Baltic Dry Index Slides for Sixth Day as Glut of Ships Persists

The Baltic Dry Index, a measure of commodity shipping prices, slid for a sixth session as a surplus of vessels drove down rates owners charge to haul cargoes from iron ore to grains.

The gauge slumped 1.3 percent to 866, according to data from the Baltic Exchange in London today. Rates declined for a third consecutive day for all four vessel types tracked by the bourse, led by Panamaxes that mostly transport agricultural commodities and coal.

More than 200 vessels, the most ever, were waiting to load Brazilian soybeans at the end of March, according to data from SA Commodities, a Santos-based shipping agent. While the bottleneck curbed vessel supply, there is still a surplus of Panamaxes competing for business, said Jeffrey Landsberg, the New York-based president of Commodore Research & Consultancy, an adviser to ship owners.

“The optimism over South American grain cargoes has been overblown,” Landsberg said by phone today. More Panamaxes will be built this year than in 2012, the only class of dry-commodity shipping where that’s happening, he said.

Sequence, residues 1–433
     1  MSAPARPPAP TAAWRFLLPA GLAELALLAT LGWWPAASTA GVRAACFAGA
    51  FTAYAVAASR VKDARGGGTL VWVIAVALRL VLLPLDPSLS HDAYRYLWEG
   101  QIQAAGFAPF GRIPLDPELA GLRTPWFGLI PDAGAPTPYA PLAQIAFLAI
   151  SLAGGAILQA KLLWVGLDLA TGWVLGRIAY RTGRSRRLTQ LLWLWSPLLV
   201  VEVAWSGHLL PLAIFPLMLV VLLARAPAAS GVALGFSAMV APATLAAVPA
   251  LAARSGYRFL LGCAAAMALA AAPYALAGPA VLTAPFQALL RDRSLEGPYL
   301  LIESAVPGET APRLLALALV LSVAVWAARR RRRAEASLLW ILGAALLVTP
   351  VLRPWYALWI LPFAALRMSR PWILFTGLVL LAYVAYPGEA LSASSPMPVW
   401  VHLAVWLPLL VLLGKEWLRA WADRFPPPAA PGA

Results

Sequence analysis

Daily average charter rates for Panamaxes, which normally carry about 75,000 metric tons of cargo, slid 2.1 percent to $8,850. Capesizes, about twice as big, fell 0.6 percent to $4,246, according to the exchange. Supramaxes hauling about 50,000 tons dropped 0.9 percent to $9,566. Handysizes, the smallest ships in the index, lost 1.5 percent to $7,852.

Demand for vessels was curbed by public holidays in China, according to Peter Norfolk, a London-based analyst at Freight Investor Services Ltd., a broker of shipping and iron-ore swaps. Markets in the nation, the biggest source of demand for cargoes including coal and iron ore, are shut today and tomorrow.

“It’s just very quiet,” Norfolk said. “There is some chartering activity going on, but it just seems subdued.”

To contact the reporter on this story: Alaric Nightingale in London at anightingal1@bloomberg.net

To contact the editor responsible for this story: Alaric Nightingale at anightingal1@bloomberg.net

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